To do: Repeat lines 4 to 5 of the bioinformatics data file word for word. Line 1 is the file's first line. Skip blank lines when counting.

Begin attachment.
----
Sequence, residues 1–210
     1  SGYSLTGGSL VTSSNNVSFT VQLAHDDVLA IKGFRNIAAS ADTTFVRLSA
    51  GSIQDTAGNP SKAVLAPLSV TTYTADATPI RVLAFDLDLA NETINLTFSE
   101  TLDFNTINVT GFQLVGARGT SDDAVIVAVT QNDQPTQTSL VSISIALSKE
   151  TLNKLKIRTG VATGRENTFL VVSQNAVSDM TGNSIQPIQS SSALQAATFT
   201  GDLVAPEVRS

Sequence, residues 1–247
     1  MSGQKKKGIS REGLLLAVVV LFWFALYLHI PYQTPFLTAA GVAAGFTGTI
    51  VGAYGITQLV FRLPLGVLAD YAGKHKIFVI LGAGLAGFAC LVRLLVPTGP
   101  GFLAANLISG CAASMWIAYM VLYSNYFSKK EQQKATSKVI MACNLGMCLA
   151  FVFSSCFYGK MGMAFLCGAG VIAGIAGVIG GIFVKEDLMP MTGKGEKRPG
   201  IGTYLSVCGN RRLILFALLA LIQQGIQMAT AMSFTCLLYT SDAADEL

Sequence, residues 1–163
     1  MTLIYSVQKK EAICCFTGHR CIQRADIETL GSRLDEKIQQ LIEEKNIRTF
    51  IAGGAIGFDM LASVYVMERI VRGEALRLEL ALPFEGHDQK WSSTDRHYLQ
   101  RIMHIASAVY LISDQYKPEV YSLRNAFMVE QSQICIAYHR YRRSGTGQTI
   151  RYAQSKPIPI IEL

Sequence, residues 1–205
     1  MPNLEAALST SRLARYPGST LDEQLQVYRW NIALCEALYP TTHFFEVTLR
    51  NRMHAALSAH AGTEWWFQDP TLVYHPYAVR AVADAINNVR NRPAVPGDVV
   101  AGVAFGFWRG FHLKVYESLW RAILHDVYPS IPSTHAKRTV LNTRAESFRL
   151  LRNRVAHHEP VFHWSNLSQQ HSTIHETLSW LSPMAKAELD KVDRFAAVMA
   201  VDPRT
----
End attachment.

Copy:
   101  TLDFNTINVT GFQLVGARGT SDDAVIVAVT QNDQPTQTSL VSISIALSKE
   151  TLNKLKIRTG VATGRENTFL VVSQNAVSDM TGNSIQPIQS SSALQAATFT